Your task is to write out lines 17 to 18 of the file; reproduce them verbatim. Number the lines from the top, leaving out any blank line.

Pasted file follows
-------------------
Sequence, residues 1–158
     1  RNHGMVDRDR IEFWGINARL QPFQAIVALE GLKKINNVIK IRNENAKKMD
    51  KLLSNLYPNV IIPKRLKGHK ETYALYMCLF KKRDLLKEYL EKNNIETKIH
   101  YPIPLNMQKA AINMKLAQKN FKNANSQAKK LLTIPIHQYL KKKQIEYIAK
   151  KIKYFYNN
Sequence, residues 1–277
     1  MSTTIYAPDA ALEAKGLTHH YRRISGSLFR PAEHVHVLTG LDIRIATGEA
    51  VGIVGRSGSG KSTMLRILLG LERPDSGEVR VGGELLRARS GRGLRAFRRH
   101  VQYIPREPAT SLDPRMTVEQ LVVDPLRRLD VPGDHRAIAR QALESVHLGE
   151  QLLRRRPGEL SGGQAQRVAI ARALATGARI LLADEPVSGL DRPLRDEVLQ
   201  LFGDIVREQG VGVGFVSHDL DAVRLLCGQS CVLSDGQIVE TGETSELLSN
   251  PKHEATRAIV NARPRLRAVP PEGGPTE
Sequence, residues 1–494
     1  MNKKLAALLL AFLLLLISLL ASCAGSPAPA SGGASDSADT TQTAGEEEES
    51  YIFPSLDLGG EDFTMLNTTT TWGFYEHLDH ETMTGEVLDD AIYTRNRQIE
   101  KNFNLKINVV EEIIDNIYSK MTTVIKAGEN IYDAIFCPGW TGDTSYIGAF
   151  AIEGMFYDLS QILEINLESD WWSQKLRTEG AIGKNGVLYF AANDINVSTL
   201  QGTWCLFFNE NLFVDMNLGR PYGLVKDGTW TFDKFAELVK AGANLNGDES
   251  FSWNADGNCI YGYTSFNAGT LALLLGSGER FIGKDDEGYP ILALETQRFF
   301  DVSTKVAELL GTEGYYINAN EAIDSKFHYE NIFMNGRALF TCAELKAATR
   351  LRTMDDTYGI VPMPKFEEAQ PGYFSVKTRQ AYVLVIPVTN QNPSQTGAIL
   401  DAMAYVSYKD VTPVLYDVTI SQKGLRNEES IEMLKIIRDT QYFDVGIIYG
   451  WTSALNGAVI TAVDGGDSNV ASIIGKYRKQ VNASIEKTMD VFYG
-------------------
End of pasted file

   151  AIEGMFYDLS QILEINLESD WWSQKLRTEG AIGKNGVLYF AANDINVSTL
   201  QGTWCLFFNE NLFVDMNLGR PYGLVKDGTW TFDKFAELVK AGANLNGDES